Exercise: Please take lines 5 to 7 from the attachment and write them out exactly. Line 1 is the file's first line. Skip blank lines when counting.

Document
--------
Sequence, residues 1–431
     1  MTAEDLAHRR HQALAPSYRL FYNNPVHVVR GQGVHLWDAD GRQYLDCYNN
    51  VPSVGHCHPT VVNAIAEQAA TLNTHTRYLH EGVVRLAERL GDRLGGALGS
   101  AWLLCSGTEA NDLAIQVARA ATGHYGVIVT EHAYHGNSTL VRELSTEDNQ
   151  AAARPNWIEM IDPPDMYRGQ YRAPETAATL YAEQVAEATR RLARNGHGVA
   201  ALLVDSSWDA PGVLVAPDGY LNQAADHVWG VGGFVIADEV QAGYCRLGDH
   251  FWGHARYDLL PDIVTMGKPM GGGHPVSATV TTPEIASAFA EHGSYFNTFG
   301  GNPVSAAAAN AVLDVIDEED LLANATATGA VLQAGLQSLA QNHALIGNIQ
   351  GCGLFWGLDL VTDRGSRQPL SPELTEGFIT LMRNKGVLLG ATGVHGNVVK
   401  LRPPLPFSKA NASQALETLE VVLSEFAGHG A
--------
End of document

   151  AAARPNWIEM IDPPDMYRGQ YRAPETAATL YAEQVAEATR RLARNGHGVA
   201  ALLVDSSWDA PGVLVAPDGY LNQAADHVWG VGGFVIADEV QAGYCRLGDH
   251  FWGHARYDLL PDIVTMGKPM GGGHPVSATV TTPEIASAFA EHGSYFNTFG